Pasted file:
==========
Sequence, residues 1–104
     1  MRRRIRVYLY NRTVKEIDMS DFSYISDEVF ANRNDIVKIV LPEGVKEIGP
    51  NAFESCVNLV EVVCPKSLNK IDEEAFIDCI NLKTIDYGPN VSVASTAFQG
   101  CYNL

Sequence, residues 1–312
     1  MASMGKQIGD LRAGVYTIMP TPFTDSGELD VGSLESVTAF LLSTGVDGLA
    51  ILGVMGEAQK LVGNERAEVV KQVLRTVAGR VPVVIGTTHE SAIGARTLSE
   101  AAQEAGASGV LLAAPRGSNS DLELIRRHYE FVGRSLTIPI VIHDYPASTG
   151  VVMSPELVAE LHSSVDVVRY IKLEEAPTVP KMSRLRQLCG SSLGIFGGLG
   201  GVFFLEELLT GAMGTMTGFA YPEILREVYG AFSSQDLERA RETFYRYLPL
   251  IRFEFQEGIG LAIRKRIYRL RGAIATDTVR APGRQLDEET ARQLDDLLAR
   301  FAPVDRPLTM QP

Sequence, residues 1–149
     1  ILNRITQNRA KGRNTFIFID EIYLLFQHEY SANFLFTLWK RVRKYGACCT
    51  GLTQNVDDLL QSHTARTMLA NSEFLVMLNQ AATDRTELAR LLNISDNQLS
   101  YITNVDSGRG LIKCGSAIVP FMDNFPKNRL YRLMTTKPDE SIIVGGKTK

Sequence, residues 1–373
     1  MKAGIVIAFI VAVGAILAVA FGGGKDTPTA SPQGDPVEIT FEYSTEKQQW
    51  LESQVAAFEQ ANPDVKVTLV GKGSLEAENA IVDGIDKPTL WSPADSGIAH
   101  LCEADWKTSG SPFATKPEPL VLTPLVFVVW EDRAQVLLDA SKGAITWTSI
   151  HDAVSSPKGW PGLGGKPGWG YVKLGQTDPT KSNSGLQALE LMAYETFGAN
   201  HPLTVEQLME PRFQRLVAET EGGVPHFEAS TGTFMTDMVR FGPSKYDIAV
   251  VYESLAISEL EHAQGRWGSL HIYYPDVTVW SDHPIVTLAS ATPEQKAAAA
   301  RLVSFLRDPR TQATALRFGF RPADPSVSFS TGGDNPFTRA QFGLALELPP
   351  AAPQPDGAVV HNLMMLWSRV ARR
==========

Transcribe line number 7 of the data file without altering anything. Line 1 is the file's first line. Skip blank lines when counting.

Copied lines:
    51  ILGVMGEAQK LVGNERAEVV KQVLRTVAGR VPVVIGTTHE SAIGARTLSE